“Seduced by the ‘Easy War'”

Strongly recommend looking at this article, “From the First Gulf War to Islamic State: How America Was Seduced by the ‘Easy War’.”

Yet in light of repeated failures of U.S. strategy over the past decade and a half, America’s victory culture “starts to look like wishful thinking, unhealthy braggadocio, and illusory triumphalism — good for the nation’s self-esteem, perhaps, but not good for handling reality.” The United States naively divorces military force from the violent, complicated nature of conflict — effectively sweeping away the human costs and fog of war. But there is nothing easy or neat about wars. This is a fact — indisputable, unchangeable, and wholly unforgiving. Victory is a fickle mistress, here for [a] moment and gone the next. Thus, if the United States continues to be enamored by the myth of the easy war, the country will only fuel its cycle of feckless wars, devoid of any connection to reality. The myth of the easy war only promises more Iraqs, more Afghanistans, more Libyas, more Syrias.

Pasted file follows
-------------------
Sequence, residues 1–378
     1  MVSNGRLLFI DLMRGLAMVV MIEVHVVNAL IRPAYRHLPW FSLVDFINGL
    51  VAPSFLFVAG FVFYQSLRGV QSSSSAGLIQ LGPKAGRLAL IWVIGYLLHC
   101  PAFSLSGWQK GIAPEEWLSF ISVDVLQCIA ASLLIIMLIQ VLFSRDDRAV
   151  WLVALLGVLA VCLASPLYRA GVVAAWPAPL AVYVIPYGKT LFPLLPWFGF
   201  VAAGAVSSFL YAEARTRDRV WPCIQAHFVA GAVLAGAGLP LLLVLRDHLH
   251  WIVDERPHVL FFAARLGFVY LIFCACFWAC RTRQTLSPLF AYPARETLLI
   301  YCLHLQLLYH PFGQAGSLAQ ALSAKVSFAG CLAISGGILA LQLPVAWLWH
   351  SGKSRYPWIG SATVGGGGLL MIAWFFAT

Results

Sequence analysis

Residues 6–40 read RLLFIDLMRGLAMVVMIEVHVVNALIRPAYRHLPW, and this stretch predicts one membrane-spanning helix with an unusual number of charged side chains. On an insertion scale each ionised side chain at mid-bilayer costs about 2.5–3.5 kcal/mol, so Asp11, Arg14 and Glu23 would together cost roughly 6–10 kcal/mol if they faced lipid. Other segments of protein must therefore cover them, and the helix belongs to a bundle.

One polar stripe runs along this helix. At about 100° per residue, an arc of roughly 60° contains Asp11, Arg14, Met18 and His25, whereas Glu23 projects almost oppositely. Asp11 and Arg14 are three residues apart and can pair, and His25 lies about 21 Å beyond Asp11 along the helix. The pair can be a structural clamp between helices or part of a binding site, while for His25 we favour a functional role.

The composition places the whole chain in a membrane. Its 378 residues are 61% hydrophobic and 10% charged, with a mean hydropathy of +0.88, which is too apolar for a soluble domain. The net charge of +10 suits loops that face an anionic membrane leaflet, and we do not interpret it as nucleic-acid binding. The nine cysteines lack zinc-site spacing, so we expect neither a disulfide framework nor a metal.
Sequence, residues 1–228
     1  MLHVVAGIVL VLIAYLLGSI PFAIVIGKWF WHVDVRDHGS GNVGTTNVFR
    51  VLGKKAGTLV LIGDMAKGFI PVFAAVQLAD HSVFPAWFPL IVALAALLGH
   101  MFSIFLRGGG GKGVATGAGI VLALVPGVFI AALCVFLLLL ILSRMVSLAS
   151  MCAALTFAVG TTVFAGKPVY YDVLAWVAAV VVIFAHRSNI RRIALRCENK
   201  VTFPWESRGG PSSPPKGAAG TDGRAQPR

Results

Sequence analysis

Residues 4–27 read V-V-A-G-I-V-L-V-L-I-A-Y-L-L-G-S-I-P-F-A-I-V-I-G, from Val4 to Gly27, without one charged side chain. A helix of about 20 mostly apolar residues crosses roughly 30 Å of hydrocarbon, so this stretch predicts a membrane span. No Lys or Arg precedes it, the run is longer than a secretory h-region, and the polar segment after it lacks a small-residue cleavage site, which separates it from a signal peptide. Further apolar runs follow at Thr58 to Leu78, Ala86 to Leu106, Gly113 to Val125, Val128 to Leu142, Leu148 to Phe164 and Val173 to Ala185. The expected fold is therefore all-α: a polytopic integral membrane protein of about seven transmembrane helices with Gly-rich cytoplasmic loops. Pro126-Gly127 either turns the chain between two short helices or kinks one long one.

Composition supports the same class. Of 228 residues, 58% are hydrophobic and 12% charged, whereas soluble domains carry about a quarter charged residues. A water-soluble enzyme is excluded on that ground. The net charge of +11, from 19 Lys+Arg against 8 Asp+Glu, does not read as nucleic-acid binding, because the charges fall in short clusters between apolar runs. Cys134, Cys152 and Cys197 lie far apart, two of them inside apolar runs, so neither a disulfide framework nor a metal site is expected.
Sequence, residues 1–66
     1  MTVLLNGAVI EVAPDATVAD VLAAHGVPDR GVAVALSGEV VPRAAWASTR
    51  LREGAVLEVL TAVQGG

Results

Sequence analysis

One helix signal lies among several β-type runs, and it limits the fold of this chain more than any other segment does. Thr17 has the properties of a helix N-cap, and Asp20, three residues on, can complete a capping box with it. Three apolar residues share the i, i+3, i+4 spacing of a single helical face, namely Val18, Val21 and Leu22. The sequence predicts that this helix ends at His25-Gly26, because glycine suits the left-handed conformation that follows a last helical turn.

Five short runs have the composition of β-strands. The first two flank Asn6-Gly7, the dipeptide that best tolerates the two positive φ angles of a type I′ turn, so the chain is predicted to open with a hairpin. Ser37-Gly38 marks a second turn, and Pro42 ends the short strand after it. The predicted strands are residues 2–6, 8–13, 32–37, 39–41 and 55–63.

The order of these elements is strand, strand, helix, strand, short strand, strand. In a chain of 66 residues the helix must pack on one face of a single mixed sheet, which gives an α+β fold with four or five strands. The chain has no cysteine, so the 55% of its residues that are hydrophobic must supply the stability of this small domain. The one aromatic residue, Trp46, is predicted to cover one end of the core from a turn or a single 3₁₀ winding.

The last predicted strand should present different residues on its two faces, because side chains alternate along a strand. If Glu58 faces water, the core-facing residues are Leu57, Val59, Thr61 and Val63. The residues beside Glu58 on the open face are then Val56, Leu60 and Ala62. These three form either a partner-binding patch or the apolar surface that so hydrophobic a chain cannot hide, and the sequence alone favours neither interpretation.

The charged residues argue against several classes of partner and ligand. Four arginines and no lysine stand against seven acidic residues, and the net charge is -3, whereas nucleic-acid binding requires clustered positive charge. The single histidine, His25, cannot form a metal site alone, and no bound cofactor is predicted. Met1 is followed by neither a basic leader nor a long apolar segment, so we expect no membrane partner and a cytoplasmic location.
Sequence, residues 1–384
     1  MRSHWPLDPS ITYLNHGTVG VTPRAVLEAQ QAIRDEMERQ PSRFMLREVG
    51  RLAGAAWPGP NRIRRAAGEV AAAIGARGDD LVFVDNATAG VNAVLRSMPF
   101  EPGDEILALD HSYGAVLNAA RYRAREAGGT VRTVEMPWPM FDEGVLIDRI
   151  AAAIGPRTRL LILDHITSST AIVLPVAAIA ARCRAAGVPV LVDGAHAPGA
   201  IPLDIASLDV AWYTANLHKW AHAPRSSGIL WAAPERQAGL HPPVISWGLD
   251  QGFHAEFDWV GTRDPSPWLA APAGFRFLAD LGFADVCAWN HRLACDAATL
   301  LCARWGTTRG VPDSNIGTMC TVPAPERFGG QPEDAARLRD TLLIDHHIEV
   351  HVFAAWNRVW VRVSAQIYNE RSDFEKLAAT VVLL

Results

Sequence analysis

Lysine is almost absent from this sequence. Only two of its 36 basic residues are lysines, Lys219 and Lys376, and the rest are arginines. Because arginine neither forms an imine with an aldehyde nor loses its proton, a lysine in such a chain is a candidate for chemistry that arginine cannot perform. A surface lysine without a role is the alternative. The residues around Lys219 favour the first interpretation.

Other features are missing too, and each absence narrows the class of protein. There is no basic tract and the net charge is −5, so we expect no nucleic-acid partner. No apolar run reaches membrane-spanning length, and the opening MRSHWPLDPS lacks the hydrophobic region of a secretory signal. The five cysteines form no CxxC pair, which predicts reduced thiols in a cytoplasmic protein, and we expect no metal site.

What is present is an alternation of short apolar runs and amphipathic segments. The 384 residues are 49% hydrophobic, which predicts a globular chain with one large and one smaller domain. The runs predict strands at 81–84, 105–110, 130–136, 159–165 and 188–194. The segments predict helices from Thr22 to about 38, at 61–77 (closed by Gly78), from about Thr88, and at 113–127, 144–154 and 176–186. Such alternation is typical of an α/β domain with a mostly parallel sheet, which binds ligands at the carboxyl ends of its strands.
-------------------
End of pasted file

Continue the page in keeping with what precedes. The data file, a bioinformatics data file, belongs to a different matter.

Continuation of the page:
Wars are messy, unpredictable, bloody affairs. To forget this fundamental fact is to concede success before the first shot.

He’s pretty much right, you know.

Lots of good points in there, worth book-marking and keeping on hand.

About vmijpp

VMIJPP hails from the star city of the south, Roanoke, Virginia. A 1989 graduate of the Virginia Military Institute, he is a retired artillery officer in the United States Marine Corps, with time in both the active and reserve sides. He served in Iraq in 2004, and in Afghanistan in 2009-2010. He joined the magnificent OPFOR.com as a guest blogger from the now defunct but never uninteresting Rule 308, where he denounced gun control and other aspects of tyranny, and proclaimed the greatness of the United States. When the sun set on OPFOR.com, he migrated here with Keydet1976 and the others.
This entry was posted in Strategy, The Long War. Bookmark the permalink.

Leave a Reply

Fill in your details below or click an icon to log in:

WordPress.com Logo

You are commenting using your WordPress.com account. Log Out / Change )

Twitter picture

You are commenting using your Twitter account. Log Out / Change )

Facebook photo

You are commenting using your Facebook account. Log Out / Change )

Google+ photo

You are commenting using your Google+ account. Log Out / Change )

Connecting to %s